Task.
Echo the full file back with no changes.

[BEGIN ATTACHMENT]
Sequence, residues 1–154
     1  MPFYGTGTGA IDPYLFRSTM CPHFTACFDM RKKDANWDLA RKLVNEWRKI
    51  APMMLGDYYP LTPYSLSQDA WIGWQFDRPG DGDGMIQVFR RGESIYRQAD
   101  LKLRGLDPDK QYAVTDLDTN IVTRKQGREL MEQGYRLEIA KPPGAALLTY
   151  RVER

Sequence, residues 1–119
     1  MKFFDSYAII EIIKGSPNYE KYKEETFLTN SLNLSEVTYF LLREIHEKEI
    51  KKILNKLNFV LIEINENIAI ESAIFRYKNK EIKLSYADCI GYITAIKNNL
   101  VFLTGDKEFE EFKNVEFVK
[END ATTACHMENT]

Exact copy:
Sequence, residues 1–154
     1  MPFYGTGTGA IDPYLFRSTM CPHFTACFDM RKKDANWDLA RKLVNEWRKI
    51  APMMLGDYYP LTPYSLSQDA WIGWQFDRPG DGDGMIQVFR RGESIYRQAD
   101  LKLRGLDPDK QYAVTDLDTN IVTRKQGREL MEQGYRLEIA KPPGAALLTY
   151  RVER

Sequence, residues 1–119
     1  MKFFDSYAII EIIKGSPNYE KYKEETFLTN SLNLSEVTYF LLREIHEKEI
    51  KKILNKLNFV LIEINENIAI ESAIFRYKNK EIKLSYADCI GYITAIKNNL
   101  VFLTGDKEFE EFKNVEFVK